Business

Business feels effect of crime, says survey

Staff Reporter

Crime affects more than eight out of ten businesses in South Africa, a survey has found. Eighty-four percent of medium-to-large privately held businesses in South Africa report that they, their staff or families of staff have been affected by personal contact crime over the past 12 months, according to Grant Thornton's 2007 International Business Report.

Crime affects more than eight out of ten businesses in South Africa, a survey has found.

 

Eighty-four percent of medium-to-large privately held businesses in South Africa report that they, their staff or families of staff have been affected by personal contact crime over the past 12 months, according to Grant Thornton’s 2007 International Business Report (IBR).

 

It says nearly every business of the 200 surveyed has been affected by crimes such as housebreaking, hijacking, violent crime, road rage or similar. This statistic does not include the occurrence of white- and blue-collar crime within businesses.

 

It is not only the individual victim that is affected by such violent crime—the employer is also negatively impacted.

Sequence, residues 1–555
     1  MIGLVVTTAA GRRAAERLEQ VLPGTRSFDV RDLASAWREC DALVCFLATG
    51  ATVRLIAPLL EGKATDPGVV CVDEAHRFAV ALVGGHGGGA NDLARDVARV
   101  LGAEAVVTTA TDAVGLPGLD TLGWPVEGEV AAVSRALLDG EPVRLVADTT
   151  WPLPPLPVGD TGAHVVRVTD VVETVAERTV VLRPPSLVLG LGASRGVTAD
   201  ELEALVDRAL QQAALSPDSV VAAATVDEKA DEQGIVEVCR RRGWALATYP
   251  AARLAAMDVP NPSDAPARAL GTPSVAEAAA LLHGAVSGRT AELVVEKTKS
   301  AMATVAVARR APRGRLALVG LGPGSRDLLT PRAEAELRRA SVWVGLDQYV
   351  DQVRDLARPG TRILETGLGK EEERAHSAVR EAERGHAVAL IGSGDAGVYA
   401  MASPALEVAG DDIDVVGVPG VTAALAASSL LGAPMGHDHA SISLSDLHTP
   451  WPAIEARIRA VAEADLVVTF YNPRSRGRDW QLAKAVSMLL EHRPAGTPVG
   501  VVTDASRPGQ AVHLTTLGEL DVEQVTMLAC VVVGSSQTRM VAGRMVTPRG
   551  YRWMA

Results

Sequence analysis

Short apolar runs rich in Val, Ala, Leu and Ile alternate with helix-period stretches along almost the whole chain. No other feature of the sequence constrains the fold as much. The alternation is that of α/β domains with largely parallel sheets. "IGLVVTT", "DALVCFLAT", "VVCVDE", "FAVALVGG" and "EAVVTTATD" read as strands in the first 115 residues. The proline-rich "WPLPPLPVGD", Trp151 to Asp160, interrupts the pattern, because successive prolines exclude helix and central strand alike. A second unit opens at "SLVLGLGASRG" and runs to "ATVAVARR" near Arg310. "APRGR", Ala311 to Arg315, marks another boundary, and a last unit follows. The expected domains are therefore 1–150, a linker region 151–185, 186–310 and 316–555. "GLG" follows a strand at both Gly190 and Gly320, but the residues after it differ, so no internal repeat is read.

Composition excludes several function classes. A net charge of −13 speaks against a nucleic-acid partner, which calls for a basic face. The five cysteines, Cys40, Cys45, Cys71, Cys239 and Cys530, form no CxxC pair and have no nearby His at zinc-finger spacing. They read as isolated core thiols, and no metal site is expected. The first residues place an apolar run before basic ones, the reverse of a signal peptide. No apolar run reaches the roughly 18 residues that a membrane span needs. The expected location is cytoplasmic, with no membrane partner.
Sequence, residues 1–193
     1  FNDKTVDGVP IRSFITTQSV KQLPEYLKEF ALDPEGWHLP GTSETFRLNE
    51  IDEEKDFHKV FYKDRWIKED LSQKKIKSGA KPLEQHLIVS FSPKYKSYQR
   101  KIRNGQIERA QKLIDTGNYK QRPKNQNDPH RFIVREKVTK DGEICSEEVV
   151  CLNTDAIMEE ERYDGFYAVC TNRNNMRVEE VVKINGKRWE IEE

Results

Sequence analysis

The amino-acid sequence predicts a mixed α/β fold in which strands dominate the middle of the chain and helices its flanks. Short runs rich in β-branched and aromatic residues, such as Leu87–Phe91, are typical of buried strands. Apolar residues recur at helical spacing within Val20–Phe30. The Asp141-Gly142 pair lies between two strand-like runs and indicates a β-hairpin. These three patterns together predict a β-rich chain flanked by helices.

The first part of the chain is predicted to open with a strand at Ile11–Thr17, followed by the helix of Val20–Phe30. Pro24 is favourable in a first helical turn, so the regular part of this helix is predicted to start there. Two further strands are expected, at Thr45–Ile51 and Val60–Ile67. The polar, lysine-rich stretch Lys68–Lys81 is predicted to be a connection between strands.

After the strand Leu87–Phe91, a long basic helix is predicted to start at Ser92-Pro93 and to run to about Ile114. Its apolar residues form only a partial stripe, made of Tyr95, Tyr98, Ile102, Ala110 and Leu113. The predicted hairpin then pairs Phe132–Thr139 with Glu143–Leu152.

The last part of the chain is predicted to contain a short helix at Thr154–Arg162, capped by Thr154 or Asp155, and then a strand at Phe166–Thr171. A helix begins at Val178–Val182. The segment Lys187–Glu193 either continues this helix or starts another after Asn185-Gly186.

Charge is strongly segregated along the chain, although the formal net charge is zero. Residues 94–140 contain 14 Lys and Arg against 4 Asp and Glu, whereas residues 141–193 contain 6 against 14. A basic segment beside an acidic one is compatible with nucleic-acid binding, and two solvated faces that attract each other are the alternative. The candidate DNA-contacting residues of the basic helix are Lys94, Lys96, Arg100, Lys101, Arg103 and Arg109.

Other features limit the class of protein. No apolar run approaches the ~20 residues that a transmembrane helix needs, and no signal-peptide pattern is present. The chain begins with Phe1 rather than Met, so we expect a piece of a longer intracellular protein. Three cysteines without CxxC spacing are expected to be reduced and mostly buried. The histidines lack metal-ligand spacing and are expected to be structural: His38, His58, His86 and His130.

Of those medium-to-large privately held businesses affected by crime, 88% report having incurred increased costs for security, 65% report decreased productivity and motivation of staff and 41% report a decrease in creativity, ingenuity and resourcefulness of staff.

 

Says Leonard Brehm, national chairperson of Grant Thornton: “If our country is to meet the growth targets that have been set, all those working in South African business must be able to operate in a safe environment.

“This can only be achieved through strong and sustained action by government security agencies at all levels, supported by a culture of community participation in assisting with the detection and control of crime.”

Meanwhile, 75% of South African businesses believe the 2010 Soccer World Cup will benefit them financially, the survey revealed.

Of the 200 medium-to-large privately held businesses surveyed, 47% believe that the greatest benefit will be gained in the build-up to the event, while 14% expect to benefit during the event itself.

When asked what preparations respondents had undertaken to get maximum benefit of South Africa hosting the World Cup, 60% reported having looked at diversifying their product or service. Fifty-three percent are hiring more staff and 46% ware making additional capital investments into their businesses.

Other preparation also includes increasing geographic spread (33%) and importing (25%).—I-Net Bridge, Sapa

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